75 years ago Alfred Butts invented Scrabble, the most perfect and elegant word game ever created. He assigned each tile in the game a value based on how often it appeared on the front page of the New York Times, but the English language has changed a lot since 1938. Now, a researcher named Joshua Lewis wants Scrabble to update the value of its tiles. People have suggested scoring changes in the past, but Lewis took the initiative and wrote a piece of software that changed the values in the game. I like your gumption, Lewis.
The software Lewis created is called Valett, and it adjusts the point values of letters based on three things. It first looks at how frequently a letter is used in English, and we’re assuming he uses a larger sample than one page of the newspaper. Then it checks how often the letter is used in words of different lengths. Since longer words are worth more points, letters that can’t be used in many long words should have a different value than those that can. Valett then scores letters based on how easy they are to play with other letters. Q, for example, is pretty difficult to play without having a U as well, so it gets a higher value than an E, which is paired with many different letters in this sentence alone.
The co-president of the North American Scrabble Players Association John Chew says he hears one or two similar arguments about changing the tile values every year. He doesn’t see it happening any time soon, claiming there would be “catastrophic outrage” by players if tile values changed. After the response from readers I got from writing a story suggesting a range of new Monopoly pieces, I’m inclined to believe him. People take their games pretty seriously.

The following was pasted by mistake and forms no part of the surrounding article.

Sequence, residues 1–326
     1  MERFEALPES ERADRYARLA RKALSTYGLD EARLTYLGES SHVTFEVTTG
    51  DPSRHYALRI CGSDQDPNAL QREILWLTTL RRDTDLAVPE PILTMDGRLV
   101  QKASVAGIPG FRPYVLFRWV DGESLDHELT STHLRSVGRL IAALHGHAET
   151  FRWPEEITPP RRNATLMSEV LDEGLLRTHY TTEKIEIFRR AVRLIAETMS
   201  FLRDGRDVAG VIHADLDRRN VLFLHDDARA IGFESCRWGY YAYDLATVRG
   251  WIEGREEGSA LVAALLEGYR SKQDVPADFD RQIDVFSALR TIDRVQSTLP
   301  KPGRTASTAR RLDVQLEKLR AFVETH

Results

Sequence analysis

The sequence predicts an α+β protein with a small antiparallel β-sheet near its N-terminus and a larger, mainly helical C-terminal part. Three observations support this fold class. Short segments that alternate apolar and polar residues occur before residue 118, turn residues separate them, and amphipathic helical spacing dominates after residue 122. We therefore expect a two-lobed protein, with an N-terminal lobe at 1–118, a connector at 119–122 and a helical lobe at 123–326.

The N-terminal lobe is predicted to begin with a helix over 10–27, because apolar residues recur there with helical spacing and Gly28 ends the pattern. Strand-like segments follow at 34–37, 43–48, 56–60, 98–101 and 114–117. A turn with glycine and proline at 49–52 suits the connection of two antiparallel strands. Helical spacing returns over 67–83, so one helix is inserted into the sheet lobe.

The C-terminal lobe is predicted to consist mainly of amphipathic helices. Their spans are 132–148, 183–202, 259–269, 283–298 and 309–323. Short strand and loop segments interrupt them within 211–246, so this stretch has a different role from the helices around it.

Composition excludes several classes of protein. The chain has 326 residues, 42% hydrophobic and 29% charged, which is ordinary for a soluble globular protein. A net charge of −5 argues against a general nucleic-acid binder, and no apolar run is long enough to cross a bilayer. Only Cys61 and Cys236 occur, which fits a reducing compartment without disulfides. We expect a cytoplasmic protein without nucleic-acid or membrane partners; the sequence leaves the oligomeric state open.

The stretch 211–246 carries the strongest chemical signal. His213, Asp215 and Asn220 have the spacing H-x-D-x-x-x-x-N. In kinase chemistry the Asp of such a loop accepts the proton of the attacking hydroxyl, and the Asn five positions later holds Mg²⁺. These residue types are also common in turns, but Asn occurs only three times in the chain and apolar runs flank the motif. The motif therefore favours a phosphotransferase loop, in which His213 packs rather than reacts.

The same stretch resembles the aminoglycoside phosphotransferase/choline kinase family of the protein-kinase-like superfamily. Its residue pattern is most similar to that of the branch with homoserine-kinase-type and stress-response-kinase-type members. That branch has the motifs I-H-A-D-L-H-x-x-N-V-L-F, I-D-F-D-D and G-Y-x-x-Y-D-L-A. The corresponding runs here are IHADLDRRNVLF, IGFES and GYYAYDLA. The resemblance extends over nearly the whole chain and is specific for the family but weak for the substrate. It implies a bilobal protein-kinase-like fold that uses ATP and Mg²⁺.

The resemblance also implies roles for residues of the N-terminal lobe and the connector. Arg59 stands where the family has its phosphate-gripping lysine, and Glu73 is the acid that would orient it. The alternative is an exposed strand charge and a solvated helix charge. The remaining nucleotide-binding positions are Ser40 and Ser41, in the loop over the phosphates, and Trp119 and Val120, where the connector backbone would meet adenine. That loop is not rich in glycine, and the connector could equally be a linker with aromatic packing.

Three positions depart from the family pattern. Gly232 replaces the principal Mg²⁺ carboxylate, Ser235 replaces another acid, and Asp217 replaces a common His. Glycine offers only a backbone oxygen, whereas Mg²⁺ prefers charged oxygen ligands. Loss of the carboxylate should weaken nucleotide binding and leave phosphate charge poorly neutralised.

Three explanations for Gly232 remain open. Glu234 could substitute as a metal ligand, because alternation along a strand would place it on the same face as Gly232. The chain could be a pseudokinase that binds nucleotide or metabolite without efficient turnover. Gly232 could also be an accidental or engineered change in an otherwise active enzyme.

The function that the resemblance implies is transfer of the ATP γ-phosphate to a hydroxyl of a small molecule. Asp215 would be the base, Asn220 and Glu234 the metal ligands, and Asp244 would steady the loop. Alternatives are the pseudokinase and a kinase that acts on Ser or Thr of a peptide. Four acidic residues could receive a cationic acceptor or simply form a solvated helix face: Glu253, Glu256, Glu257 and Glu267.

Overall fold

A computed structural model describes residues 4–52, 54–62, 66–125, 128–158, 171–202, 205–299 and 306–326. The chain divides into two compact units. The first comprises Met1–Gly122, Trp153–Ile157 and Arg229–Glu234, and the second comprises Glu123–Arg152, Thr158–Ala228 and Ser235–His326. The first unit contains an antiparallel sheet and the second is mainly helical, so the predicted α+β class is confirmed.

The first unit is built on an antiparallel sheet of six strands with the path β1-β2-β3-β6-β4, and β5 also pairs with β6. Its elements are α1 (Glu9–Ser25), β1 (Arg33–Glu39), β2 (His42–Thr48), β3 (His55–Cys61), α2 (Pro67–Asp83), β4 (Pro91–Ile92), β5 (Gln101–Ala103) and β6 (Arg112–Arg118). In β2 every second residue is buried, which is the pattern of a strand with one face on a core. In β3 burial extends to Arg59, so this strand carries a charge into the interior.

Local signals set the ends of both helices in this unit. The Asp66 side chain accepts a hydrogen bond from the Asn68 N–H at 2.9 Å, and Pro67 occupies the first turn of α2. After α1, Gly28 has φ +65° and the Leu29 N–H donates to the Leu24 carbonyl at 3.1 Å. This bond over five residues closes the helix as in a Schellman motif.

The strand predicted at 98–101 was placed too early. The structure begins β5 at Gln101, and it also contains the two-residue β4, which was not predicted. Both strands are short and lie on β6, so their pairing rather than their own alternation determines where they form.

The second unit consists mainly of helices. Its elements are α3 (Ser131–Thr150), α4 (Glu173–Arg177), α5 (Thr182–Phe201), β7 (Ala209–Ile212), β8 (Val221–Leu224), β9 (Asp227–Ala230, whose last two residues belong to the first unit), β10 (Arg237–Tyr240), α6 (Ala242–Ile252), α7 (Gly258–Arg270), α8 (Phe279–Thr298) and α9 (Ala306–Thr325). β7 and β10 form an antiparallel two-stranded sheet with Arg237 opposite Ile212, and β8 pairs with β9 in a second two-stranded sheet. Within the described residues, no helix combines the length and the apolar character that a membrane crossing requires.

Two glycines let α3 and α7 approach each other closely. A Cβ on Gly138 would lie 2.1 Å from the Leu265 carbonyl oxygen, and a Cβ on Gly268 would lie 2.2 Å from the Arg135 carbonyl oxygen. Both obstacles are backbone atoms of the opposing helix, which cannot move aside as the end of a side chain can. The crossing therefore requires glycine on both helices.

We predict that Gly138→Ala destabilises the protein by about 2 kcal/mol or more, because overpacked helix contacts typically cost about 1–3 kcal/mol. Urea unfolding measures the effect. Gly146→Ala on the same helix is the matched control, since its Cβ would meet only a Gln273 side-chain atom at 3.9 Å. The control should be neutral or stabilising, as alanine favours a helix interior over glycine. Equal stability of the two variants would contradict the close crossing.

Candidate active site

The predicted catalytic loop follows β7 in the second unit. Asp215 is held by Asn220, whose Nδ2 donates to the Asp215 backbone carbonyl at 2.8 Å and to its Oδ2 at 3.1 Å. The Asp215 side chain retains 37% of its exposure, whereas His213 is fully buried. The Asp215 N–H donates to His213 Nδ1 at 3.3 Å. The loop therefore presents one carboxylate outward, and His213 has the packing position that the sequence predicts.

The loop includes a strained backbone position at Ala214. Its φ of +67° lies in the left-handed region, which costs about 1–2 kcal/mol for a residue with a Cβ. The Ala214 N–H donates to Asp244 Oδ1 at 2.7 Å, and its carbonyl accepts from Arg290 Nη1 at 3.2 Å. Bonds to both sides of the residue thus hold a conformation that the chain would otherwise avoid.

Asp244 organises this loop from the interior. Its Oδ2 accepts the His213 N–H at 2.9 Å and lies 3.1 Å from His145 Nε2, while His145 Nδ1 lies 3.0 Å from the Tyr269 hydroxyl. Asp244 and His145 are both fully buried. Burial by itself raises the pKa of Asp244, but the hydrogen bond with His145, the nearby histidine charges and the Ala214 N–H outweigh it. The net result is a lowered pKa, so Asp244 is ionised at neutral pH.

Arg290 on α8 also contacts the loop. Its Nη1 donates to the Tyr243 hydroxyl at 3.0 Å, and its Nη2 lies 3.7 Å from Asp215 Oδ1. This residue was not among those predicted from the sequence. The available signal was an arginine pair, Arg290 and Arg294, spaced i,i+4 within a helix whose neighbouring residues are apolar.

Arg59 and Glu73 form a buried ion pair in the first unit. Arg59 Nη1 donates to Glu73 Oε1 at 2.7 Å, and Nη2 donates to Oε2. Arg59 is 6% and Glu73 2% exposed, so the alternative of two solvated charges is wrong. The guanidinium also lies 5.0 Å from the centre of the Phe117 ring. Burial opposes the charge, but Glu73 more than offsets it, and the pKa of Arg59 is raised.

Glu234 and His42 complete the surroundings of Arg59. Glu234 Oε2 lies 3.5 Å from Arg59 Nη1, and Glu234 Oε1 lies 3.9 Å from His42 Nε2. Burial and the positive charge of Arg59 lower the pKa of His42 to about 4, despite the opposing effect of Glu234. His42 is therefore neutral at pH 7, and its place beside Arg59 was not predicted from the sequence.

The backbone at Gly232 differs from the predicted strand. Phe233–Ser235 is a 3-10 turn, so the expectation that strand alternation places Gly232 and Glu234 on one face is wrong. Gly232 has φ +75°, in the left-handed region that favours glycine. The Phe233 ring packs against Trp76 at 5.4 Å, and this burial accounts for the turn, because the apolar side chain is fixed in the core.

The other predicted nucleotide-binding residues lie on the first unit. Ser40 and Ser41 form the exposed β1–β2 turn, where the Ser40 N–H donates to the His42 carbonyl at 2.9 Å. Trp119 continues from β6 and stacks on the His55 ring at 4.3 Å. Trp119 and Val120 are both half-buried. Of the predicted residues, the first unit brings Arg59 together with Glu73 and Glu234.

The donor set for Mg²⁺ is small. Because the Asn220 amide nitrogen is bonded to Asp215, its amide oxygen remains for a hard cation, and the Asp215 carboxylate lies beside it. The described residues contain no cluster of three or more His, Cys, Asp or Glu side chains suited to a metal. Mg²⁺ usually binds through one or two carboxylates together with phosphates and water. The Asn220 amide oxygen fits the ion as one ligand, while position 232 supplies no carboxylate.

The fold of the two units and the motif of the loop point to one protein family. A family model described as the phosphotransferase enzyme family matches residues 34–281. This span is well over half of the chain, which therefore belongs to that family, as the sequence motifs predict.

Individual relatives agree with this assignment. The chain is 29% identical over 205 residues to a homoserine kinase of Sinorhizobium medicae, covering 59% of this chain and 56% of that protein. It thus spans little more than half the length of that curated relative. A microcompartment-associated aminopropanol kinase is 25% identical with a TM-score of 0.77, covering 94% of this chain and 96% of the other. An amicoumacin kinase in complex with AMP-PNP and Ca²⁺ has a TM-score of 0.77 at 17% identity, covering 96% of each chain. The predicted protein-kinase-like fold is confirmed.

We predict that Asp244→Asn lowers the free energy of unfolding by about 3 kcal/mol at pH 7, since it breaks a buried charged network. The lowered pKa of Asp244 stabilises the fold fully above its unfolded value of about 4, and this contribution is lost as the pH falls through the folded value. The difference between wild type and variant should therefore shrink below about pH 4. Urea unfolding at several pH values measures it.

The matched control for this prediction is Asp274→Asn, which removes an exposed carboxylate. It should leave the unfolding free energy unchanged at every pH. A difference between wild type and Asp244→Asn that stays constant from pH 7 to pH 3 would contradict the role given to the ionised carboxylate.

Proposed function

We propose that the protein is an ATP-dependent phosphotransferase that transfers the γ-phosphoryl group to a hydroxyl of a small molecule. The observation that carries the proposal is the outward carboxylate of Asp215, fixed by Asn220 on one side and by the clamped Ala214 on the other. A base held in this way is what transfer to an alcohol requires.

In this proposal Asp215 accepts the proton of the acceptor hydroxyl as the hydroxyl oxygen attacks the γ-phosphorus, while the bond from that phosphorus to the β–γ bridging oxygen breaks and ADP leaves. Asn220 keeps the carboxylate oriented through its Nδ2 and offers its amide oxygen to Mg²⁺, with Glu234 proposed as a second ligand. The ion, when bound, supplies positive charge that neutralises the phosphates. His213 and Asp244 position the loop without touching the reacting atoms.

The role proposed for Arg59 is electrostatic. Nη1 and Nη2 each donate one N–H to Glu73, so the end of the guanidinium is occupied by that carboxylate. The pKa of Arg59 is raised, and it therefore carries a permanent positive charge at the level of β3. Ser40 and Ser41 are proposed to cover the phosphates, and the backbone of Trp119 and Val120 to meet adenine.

Chew also brings up an excellent point that Lewis’ system does not seem to account for — “equity value.” Pieces aren’t only worth the points displayed on the tile. The two blank pieces in the game are worth zero points themselves, but they’re incredibly valuable in the game because they allow a player to create more words, and to play difficult letters like Q more easily. They may be worth zero points themselves, but they have very high equity value.
The other point Chew makes is that people would probably ignore any updates to the tile values, but it likely won’t matter. A statement by Philip Nelkon, the U.K.’s official Scrabble representative, says:
Mattel has no plans to change Scrabble tiles. It is not a game where fairness is paramount, it is a game of luck and changing the tile values wouldn’t achieve anything.
Lewis explains how the tile values impact the level of luck in the game:
You’re really lucky if you pick an X because it’s over-valued and unlucky if you pick a V. So if they were to re-do the values of the tiles that would reduce the level of luck.
Luck and strategy are a big part of what makes Scrabble such a great game, and trading those out to make it more fair seems pointless. Still, though, if you want to take Lewis’ advice and play with his updated values you can grab his Valett software over at GitHub.
What if Lewis’ mission catches on, and Scrabble does officially change the value of its tiles? What would people do with all those old pieces? They do make pretty nice looking cufflinks.
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